In honor of the day, we're doing our own version of the Reverse Trick or Treat thing we told you about earlier--handing out chocolate and information on fair trade chocolate to all comers in our store. I thought I'd share with all of you in Internet world what, exactly, we're sharing with folks, and give you a taste (bad pun, I can't help it) of the info we're sharing with everyone today.
I also thought you might be interested by this Creative Loafing story on a family who is celebrating Halloween with Reverse Trick or Treat for the first time this year.
I've posted the full article below. (OCD note: I am not responsible for the spelling errors in this story!)
Shannon Ward knows that what she buys for her family effects other people.That’s why she and her three kids are participating Reverse Trick or Treating this Halloween.
Seven year old Glynis, 11-year-old Nathan and 13-year-old Thomas will be handing out cards attached to a fair trade piece of chocolate to people in Ward’s father’s Huntersville neighborhood.
“I noticed that with Sameritan’s Purse, the group that sends the shoe boxes, a lot of them go to countries where a lot of chocolate and coffee comes from and I wondered how many of those families are farmers who are getting taken advantage of?” Ward said.
Global Exchange, a global human rights protection agency based out of San Francisco created this program. The organization has been around for over 20 years. 2009 marks the 3rd year of the Reverse Trick-or-Treating program.
This is the first year that the Ward family has had a chance to participate.
“Fair trade is really important to my family and we only buy fair trade chocolate and coffee. There is such an enormous amount of chocolate consumed around this time of year and Valentine’s Day that I just wanted to let people know about it. I think if more people knew about what fair trade is and what it means when they don’t buy fair trade that it would sway them to make different decisions or at least think about the decisions that they’re making.”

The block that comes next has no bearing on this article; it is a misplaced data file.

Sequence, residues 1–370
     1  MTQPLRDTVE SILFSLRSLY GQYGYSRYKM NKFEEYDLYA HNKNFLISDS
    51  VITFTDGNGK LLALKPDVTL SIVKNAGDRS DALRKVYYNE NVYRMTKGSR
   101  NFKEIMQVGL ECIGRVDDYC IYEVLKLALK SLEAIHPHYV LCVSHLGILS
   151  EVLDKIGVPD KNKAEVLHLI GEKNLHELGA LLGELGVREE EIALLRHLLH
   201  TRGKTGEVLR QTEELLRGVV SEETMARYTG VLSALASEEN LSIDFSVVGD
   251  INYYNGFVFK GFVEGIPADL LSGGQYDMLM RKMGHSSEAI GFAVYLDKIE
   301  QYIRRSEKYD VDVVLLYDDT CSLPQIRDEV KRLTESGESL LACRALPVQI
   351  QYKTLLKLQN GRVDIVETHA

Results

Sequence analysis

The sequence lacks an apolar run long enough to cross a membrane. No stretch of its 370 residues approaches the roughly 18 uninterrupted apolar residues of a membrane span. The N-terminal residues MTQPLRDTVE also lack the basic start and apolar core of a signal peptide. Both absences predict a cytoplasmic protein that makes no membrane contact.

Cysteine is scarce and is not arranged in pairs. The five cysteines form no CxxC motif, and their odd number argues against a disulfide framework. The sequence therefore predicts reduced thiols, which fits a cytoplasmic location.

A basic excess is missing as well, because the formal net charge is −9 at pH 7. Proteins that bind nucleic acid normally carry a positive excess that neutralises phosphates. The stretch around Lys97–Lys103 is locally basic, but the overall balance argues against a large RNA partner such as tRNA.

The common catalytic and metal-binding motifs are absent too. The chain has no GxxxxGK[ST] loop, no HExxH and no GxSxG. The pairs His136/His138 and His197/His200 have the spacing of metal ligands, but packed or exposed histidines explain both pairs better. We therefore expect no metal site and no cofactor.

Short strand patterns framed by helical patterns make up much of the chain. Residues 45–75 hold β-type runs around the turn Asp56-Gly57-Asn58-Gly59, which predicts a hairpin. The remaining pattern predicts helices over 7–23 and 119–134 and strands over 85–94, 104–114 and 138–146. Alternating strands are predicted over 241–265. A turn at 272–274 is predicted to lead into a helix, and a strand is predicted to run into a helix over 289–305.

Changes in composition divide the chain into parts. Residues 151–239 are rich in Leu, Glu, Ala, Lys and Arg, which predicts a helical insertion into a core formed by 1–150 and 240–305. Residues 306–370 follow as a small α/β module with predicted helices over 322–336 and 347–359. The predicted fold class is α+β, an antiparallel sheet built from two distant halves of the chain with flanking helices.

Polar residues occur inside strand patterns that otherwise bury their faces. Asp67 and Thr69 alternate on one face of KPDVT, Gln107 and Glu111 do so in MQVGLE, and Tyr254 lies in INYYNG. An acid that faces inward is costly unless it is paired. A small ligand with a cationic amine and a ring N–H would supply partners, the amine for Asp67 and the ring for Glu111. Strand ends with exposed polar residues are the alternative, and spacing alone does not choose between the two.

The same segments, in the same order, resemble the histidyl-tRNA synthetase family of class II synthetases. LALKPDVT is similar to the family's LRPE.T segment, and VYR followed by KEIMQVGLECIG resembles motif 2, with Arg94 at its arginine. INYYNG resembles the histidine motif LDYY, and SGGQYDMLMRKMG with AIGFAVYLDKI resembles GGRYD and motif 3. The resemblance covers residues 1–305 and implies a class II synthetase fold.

So, what is fair trade?
It is a social movement to get higher payment to the farmers in developing countries that produce things like coffee, chocolate and sugar to name a few items.
Ward said that she and her family try to expose as many people to fair trade items. Whenever there is a chance to share things at her kids’ school, The Community School of Davidson, she makes a handcrafted hot chocolate made with fair trade ingredients to get the conversation rolling.
Where does Ward find fair trade coffee and chocolate. The coffee, she said, is easy.
“You can find fair trade coffee any where. Even Wal-Mart and Food Lion sell it now,” she said.
But the chocolate, you have to search for. Here’s a hint — it ain’t Hershey’s. Ward said stores like Earth Fare and Healthy Home Market have fair trade chocolate.
She also said she buys some fair trade chocolate online at Sweet Earth Organic Chocolate.
Ward said she hopes that more people will start paying attention to fair trade and think about the choices they make.